Thursday, February 2, 2012

Preemption Challenges to Local Fracking Bans in New York

Good morning. I'm looking forward to guest blogging here this month. I will be posting about the many issues we are working on here in the Columbia Environmental Law Clinic. Our students are working extensively on hydraulic fracturing, easement defense and many other issues. Today we begin with the challenges fracking presents to home rule in New York.

Preemption Challenges to Local Fracking Bans in New York

New York state has arrived at a critical passage in the ongoing debate over hydraulic fracturing. The NY DEC's comment period for the Draft Supplemental Generic Environmental Impact Statement and the proposed regulations for "high-volume hydraulic fracturing" closed on January 11, 2012, paving the way for an administrative decision that may lift the statewide fracking moratorium and determine whether - and if so, how - fracking will occur in the state. In this context, it's worth considering the question (referenced previously on this blog, but now more pressing and developed) of whether a NY municipality may ban fracking through exercising its zoning authority.

Citing home rule powers delegated by statute under the state constitution, dozens of municipalities across the state - including Syracuse and Buffalo - have adopted zoning ordinances that remove natural gas exploration and extraction from the list of permissible land uses within their borders. (Click here for a map of of others, with links to the text of each ordinance.) In late 2011, natural gas leaseholders and industry sued two of those municipalities - Dryden and Middlefield - arguing that the state Oil, Gas, and Solution Mining Law (OGSM) (codified as Environmental Conservation Law (ECL) § 23) preempts local efforts to ban fracking. OGSM expressly supersedes “all local laws or ordinances relating to the regulation of the oil, gas and solution mining industries.” ECL § 23-0303(2). Thus, the question presented is whether a generally applicable zoning ordinance that bans natural gas extraction “relate[s] to the regulation” of natural gas.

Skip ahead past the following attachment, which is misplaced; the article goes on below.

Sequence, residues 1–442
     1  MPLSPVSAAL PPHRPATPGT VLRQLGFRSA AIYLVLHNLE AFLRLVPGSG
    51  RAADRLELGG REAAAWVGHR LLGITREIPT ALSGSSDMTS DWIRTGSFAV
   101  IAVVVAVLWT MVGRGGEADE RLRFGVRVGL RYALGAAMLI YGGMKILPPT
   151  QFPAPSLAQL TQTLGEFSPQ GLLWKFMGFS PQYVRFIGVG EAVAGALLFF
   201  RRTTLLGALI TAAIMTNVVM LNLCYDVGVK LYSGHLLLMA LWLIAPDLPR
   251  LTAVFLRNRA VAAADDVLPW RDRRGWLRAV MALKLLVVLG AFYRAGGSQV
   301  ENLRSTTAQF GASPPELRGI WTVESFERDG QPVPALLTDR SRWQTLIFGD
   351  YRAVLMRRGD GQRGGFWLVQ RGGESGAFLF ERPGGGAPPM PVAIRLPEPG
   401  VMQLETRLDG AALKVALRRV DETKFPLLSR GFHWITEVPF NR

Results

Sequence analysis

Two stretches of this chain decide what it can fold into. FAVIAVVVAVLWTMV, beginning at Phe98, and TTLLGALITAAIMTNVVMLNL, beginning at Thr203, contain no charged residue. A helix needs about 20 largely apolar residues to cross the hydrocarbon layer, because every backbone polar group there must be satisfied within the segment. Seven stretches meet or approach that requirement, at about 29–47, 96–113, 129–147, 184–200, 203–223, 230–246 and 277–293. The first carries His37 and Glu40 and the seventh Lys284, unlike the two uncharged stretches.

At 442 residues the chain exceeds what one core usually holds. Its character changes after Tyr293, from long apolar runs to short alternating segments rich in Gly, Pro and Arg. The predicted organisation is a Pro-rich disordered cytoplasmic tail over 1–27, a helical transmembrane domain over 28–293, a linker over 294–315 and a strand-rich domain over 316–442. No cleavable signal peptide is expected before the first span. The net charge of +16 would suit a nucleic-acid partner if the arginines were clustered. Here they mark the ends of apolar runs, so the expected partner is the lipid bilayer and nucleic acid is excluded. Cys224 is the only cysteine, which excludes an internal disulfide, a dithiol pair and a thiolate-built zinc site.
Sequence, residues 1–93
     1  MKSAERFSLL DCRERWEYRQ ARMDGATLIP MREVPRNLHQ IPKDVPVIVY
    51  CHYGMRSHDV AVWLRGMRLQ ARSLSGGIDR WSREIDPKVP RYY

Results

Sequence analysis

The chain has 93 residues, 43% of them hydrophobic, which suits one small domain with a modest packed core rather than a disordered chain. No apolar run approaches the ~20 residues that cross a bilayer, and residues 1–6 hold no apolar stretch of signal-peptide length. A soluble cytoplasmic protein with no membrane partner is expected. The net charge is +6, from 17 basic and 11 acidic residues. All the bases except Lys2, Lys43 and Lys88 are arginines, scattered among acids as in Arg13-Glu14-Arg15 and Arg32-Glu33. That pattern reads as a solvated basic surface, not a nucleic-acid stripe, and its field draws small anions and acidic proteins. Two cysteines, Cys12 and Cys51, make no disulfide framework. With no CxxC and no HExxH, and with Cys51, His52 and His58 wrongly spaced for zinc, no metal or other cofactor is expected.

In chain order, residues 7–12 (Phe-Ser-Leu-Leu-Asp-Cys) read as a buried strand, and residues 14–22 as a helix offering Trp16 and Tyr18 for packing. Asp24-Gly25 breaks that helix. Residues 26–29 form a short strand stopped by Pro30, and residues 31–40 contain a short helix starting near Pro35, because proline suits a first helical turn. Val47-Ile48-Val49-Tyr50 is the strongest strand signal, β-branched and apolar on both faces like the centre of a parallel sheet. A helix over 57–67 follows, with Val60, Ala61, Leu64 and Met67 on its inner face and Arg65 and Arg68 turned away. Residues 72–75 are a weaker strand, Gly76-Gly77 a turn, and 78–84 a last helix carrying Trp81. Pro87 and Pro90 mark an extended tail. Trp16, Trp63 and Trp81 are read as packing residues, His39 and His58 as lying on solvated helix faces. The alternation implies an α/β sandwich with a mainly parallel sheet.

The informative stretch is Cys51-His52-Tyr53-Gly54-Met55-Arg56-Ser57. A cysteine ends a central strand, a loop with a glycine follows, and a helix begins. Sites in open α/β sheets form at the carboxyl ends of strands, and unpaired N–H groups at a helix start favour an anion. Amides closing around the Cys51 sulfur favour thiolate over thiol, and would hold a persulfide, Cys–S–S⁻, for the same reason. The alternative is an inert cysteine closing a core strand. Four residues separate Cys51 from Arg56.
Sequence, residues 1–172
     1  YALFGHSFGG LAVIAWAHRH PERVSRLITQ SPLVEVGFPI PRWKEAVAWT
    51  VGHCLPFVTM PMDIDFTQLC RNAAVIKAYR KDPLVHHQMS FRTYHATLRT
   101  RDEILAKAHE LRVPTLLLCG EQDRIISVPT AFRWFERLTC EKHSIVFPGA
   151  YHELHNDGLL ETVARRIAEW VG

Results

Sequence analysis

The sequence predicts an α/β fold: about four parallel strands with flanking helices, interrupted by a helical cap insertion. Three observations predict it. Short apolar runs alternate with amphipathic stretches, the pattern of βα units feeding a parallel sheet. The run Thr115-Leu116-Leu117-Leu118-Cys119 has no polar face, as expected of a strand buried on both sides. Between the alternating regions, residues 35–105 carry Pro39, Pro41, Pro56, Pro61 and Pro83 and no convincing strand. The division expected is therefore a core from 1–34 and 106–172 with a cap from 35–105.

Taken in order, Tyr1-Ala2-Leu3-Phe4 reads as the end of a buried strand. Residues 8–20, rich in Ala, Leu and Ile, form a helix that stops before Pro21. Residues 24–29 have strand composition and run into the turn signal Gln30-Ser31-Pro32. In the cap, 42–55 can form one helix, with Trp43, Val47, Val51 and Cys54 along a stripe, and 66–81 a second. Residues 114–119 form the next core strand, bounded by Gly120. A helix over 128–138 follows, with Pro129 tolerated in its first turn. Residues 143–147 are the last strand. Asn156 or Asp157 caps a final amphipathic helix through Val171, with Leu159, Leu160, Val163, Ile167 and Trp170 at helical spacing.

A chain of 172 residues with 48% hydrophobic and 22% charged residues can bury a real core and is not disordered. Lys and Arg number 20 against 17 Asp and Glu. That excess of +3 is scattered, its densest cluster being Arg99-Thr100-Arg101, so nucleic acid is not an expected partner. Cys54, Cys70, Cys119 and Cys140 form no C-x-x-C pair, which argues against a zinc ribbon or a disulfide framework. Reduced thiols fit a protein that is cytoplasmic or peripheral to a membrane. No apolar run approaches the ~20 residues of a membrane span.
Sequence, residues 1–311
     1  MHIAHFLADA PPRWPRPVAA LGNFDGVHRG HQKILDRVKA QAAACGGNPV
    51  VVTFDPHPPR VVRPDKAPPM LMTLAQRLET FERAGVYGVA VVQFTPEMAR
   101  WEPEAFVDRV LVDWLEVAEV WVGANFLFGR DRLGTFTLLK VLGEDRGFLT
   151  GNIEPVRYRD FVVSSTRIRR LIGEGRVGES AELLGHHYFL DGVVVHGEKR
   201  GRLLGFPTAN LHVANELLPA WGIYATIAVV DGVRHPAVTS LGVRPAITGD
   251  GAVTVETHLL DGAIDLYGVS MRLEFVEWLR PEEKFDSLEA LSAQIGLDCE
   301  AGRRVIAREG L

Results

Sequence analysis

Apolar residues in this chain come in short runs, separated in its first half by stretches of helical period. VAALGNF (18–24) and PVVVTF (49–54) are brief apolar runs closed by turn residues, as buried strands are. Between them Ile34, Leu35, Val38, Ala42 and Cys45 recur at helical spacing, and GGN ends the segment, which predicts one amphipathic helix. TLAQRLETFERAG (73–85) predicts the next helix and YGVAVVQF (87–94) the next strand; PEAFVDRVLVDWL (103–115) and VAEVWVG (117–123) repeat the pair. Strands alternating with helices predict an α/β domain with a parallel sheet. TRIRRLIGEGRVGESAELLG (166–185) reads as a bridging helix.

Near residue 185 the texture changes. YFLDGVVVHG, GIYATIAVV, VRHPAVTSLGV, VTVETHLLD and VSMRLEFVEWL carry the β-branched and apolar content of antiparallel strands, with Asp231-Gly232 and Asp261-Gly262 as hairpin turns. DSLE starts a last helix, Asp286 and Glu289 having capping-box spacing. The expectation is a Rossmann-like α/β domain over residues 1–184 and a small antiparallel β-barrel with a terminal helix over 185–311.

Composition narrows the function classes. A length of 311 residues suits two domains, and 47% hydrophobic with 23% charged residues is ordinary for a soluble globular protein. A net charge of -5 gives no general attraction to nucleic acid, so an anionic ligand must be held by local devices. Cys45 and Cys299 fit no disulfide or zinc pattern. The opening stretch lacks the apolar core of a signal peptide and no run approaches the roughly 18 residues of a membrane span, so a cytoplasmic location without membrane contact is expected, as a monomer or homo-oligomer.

No court has addressed this clause in the OGSM, and neither statutory language nor legislative history gives clear guidance. Thus the courts will likely look to parallel preemption clauses in other state statutes. Most relavent is the Mined Land Reclamation Law (MLRL), which provides that it “shall supersede all other state and local laws relating to the extractive mining industry.” ECL § 23-2703(2). In Frew Run Gravel Products v. Town of Carroll, the Court of Appeals directly addressed whether the MLRL preempted a town’s zoning laws. 71 N.Y.2d 126 (1987). The DEC had granted Frew Run a permit to conduct “sand and gravel” operations on property in the Town of Carroll. However, because the property was zoned exclusively for agricultural and residential development, the town notified Frew Run that its operation was prohibited. The Court held that Carroll’s zoning ordinance related “not to the extractive mining industry but to an entirely different subject matter and purpose: i.e., regulating the location, construction and use of buildings, structures, and the use of land in the Town of Carroll." Id. at 131 (internal quotations omitted). The Court noted that land use regulation “inevitably exerts an incidental control” over regulated businesses, and reasoned that such “incidental control resulting from the municipality’s exercise of its right to regulate land use through zoning is not the type of regulatory enactment . . . within the prohibition of the statute.” Id. That is, the MLRL’s purpose is not to control town zoning, but rather to provide uniform mining regulations. Thus, the Court ruled that local regulations dealing with “the actual operation and process of mining” would be preempted, but not local zoning ordinances concerned with the appropriate use of local lands. Id. at 133.